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Housetraining / Cratetraining


Housetraining can be a daunting task. Some puppies take to it readily, and some are little more stubborn. Here are some tips to help you. The key to remember is each dog is different, and different methods work for different dogs.

One of the best ways to housetrain is through crate-training. Crate training is important for many other reasons:

  • Great way to housetrain!
  • The crate becomes a safe place for your dog
  • You get your dog used to a crate so that going to the groomer or veterinarian, boarding, and traveling are much less traumatic
  • Prevents destruction during teething. Teething usually starts at about 4-5 months of age and can go to 8-9 months, but chewing is a learned behavior, that your puppy will begin to enjoy if they get to do it early. Make sure they only have access to appropriate items to chew – dog toys and treats. NEVER give a puppy an old sock, shoe, or piece of clothing to chew on. They may not distinguish that from a new one – so they might think it is OK to chew your good shoes!
  • Prevents destruction as your pup goes through their “teenage years.” Most dogs become adults around 2-3 years of age, so before this, confining them to a crate when they are not supervised prevents them from destroying your house and belongings.
  • Can help decrease nervousness in unfamiliar situations and help decrease problems with separation anxiety

A crate should be a place of security and comfort, not a place you have to force your dog into.

  • Bad experiences in a crate include lengthy confinement for many hours at a time, infrequent attention during confinement, and absence of attachment figures. For dogs that have had unpleasant experiences in a crate, confinement may be viewed in the same light as prison to an ex-inmate - an experience to be avoided.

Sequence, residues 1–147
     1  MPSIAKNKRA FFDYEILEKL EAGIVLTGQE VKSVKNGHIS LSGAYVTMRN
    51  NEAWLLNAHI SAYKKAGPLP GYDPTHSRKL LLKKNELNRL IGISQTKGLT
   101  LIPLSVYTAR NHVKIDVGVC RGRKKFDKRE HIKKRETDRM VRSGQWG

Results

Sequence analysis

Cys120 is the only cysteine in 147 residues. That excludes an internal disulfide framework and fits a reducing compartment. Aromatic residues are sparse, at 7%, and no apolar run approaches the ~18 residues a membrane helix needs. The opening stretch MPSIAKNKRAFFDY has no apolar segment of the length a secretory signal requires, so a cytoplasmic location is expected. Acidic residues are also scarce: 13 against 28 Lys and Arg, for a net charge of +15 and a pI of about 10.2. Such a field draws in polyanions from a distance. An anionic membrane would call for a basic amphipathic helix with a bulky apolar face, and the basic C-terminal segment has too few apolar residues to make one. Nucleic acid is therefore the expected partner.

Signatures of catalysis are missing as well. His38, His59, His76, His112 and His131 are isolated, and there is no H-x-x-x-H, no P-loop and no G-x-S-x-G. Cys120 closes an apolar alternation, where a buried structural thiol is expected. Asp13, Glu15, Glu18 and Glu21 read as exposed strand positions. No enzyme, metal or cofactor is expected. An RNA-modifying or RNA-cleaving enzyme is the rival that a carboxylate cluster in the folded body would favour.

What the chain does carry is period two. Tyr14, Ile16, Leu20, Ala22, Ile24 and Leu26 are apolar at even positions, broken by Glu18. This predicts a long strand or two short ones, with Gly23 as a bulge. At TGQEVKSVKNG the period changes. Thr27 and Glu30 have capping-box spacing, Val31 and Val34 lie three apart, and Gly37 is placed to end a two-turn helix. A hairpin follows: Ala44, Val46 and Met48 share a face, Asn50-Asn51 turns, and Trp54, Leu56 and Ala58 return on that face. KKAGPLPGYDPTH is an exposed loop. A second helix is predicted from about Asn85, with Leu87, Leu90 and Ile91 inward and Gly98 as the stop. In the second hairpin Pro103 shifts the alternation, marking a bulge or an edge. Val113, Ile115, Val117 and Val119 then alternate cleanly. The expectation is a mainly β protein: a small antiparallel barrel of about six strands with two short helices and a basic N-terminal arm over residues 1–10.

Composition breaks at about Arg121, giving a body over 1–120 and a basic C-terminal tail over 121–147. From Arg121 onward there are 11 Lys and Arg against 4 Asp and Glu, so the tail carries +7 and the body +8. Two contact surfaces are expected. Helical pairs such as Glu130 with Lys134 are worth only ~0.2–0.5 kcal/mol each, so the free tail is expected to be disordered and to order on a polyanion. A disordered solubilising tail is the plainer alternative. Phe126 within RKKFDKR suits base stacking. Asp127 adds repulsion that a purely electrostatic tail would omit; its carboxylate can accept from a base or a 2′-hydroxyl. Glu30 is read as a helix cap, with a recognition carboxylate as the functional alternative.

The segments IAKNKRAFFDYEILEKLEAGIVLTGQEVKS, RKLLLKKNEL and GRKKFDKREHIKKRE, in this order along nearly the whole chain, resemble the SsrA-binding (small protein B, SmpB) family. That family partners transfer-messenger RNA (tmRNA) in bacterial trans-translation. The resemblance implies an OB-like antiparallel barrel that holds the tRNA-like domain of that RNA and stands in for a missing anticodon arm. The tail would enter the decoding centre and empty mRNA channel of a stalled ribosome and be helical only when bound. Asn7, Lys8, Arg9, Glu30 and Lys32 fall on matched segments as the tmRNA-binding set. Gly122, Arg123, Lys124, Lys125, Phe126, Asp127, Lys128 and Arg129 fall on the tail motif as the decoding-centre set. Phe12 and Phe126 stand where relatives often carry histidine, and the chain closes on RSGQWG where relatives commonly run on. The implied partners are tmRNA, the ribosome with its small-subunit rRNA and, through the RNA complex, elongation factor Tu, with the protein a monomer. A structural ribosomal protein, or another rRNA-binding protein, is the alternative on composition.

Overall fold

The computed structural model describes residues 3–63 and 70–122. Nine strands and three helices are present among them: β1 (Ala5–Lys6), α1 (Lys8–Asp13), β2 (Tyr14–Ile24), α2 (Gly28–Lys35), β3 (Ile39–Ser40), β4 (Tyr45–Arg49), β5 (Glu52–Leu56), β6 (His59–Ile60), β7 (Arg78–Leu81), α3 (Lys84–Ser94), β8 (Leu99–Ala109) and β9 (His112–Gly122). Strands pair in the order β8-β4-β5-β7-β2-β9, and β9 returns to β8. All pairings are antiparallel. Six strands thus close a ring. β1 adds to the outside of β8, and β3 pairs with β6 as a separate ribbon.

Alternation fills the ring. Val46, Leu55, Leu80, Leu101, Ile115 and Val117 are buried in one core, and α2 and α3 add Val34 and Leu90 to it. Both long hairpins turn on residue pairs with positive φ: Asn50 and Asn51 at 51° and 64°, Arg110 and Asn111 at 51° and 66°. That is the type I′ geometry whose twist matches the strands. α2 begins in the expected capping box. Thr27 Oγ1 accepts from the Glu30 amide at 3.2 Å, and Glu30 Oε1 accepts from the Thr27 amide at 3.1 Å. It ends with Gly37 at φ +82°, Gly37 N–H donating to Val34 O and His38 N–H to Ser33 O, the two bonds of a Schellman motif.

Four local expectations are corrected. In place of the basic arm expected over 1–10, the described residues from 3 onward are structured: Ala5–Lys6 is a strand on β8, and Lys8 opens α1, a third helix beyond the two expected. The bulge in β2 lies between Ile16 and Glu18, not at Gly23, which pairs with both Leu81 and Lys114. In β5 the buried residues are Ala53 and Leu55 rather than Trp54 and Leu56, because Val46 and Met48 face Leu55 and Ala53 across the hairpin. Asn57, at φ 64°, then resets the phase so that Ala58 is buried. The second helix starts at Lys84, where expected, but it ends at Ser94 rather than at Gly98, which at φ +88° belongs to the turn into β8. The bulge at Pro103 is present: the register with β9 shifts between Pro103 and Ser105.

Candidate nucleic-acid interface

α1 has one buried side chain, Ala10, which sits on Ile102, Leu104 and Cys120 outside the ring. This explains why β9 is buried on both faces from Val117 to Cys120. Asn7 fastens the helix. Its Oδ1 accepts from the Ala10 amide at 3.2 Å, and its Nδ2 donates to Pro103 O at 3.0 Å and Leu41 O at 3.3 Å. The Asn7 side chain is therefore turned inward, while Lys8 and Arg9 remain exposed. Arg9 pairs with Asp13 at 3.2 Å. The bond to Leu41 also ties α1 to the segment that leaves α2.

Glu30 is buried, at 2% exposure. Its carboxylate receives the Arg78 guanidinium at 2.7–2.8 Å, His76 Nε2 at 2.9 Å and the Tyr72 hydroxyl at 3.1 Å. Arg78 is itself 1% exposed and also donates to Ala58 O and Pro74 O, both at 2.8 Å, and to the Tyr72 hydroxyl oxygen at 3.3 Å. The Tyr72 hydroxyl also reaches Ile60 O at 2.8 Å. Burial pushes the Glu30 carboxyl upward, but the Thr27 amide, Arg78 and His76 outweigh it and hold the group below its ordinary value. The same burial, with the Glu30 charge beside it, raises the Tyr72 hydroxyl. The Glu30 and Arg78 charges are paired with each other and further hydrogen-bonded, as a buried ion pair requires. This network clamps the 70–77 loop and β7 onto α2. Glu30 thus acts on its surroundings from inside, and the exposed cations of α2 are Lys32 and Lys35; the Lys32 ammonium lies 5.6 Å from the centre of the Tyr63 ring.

• Good experiences in a crate include circumstances that permit the crate to be viewed as a retreat or place of comfort, freedom to come and go (the door is left open periodically so that the dog is not always confined), company inside or outside the crate, and regular feeding and bathroom trips.

For a dog that has been well acclimated, a crate can be a haven, a place of comfort, a retreat from the world…a den, in fact. Many dog owners think that, because dogs are den dwellers at heart, they will all automatically appreciate a crate. But real dens do not have doors. This is why care must be taken to encourage your dog to view his den as a retreat or sanctuary.

Tips for crate-training:

  • Never use the crate as a place of punishment
  • Make the crate a comfortable place by putting a blanket and perhaps some toys inside
  • Make sure that no one disturbs the pup when he is inside the crate so the crate comes to be appreciated as a place of refuge
  • Introduce the crate while still allowing freedom to come in and out of it. Praise the pup every time he goes in the crate. Confine the pup (shut the door of the crate) for short periods of time, at first, ensuring that company is at hand (either you or a closely bonded canine counterpart)
  • Don't trick a puppy about the crate. Give a treat when the pup goes in, but don't be sneaky about shutting the door. Don't put the puppy into the crate when the puppy is sound asleep, to wake up trapped in a crate. That can cause the puppy to distrust both you and the crate.
  • To start out with, the crate needs to be fairly small. You don’t want your puppy to be able to eliminate in one corner and sleep in the other, so you only want enough room for the puppy to be able to lie down in. For a fast-growing dog, you can partition off a larger crate with to meet this requirement.
  • If you let your puppy out of the crate, take them outside and they do not urinate or defecate, put them back in the crate for 15-20 minutes then try again until they do go to the bathroom outside.